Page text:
THERE are concerns that musicians and artists who support Scottish independence could be blocked from UK Government-backed grants amid a culture compared to “McCarthyism 2.0”.

Artists have raised the alarm after the Tory government moved to overrule an independent panel and prevent the Belfast-based band Kneecap from receiving funding due to their anti-Unionist views.

Justifying the decision, a spokesperson for Business Secretary Kemi Badenoch claimed to “fully support freedom of speech,” but added: “It's hardly surprising that we don't want to hand out UK taxpayers' money to people that oppose the United Kingdom itself.”

Kneecap has threatened the UK Government with legal action over the move, and now concerns have been raised that the Tories’ statement might have far-reaching consequences.

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Iona Fyfe, an award-winning Scots folk singer, said: “For me, the scary consequence is that only bands and artists who are supportive of the Union and the UK Government will reap the benefits of grants such as MEGS [the Music Export Growth Scheme].

“The whole thing is giving McCarthyism 2.0. If the UK Government firmly believes in rewarding bands and artists that are sympathetic to the Union and to the government of the day, then [it] risks going down a dark authoritarian path, seeking to silence and punish any critics.”

MEGS aims to gain a return on investment for the UK by handing money to musicians.

A UK Government press release from earlier in the month stated: “MEGS has invested more than £6 million in British music, leading to an estimated £55.5m financial return to the UK economy.”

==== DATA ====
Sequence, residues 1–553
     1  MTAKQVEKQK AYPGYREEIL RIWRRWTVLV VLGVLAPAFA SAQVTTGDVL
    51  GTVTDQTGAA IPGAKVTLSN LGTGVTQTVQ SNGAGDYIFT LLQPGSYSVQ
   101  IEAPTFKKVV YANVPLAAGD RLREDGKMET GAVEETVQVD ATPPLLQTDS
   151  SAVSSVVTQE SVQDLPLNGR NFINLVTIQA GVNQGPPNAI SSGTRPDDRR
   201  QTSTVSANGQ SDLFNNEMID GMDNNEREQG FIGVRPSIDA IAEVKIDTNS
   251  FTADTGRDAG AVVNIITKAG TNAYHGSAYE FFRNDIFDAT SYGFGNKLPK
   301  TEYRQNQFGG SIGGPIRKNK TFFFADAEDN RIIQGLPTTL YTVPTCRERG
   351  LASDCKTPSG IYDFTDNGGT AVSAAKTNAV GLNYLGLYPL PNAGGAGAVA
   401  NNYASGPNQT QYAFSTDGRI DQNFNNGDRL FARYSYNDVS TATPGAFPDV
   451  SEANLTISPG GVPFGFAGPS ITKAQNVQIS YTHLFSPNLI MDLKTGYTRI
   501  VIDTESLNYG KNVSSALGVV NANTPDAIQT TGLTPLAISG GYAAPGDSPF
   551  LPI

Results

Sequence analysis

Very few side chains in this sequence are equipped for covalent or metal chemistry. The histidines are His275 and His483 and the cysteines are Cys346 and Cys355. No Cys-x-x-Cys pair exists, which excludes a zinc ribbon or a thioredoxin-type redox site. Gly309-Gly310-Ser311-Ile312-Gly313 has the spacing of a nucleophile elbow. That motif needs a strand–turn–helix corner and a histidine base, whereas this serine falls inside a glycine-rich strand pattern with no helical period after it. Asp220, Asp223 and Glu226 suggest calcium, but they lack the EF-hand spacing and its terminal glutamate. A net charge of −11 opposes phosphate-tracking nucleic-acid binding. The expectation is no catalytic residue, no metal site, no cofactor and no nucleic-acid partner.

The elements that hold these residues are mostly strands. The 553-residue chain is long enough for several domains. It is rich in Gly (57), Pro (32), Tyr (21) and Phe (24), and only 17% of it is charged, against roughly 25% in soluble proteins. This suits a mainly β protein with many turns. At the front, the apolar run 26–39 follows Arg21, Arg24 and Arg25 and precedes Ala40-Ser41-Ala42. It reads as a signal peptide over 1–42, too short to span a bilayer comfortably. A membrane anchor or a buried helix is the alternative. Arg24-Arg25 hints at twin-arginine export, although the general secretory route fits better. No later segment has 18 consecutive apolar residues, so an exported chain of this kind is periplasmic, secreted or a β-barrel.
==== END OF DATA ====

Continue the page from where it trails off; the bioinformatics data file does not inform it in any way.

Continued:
The National: The SNP's Pete Wishart MP speaking in the House of Commons

SNP MP Pete Wishart (above), who was in the Scottish band Runrig before joining parliament in 2001, said MEGS was “designed to support artists to grow international markets following the disaster of Brexit on touring acts in the EU”.

He went on: “Only the Tories would be so politically obsessed to award funding according to a band’s views on the constitution.

“If this was to be applied across the board, very few artists in Scotland would qualify for any support as Scotland’s musical community – almost to a man and woman – is committed to seeing Scotland emerge as an independent nation. You can only imagine the application forms with bands interrogated about their levels of support for the UK and asked if they have ‘ever supported an independent Scotland’?

“This nonsense only compounds the needless bureaucracy on artists and introduces a sinister political test,” he added.

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David Powell, a painter and sculptor from Wales who now works in the Netherlands, suggested that the MEGS move was part of a wider pattern, pointing online to a scandal which engulfed Arts Council England after it warned artists that “political statements” could break funding agreements.

Powell said the UK Government was “systematically and pathologically attacking the arts to remake it in [its] own grotesque image”.

He went on: “The Tories don’t like to be reminded of their criminally abject failures - they certainly cannot abide artists telling them uncomfortable truths about the crushing impacts of their austerity policies [and] engineered insolvency of councils and public services.

“Woe betides a group like Kneecap who rip the piss out of Imperialist demagogues with songs like Get your Brits Out, that is clearly going too far. The snowflake Tories are delicate flowers - you might hurt their feelings.”

Both Powell and Fyfe argued that art has a history of holding power to account and that by withholding funding for groups critical of their politics, the UK Government was in dangerous territory.

Fyfe said: "Through song, poetry, art and literature, artists shine a light on injustices of the state and give a voice to those persecuted by governments and politicians of all different stripes.

"The Business Secretary has revealed herself to be a soft-touch sham of a politician, on the one hand preaching free speech whilst on the other silencing those who disagree with her.

"This is a dangerous precedent the UK Government has set - but they should be in no doubt it's one that artists throughout the world will challenge without fear or favour."

The UK Government said it would respond to the Sunday National’s request for comment, but did not.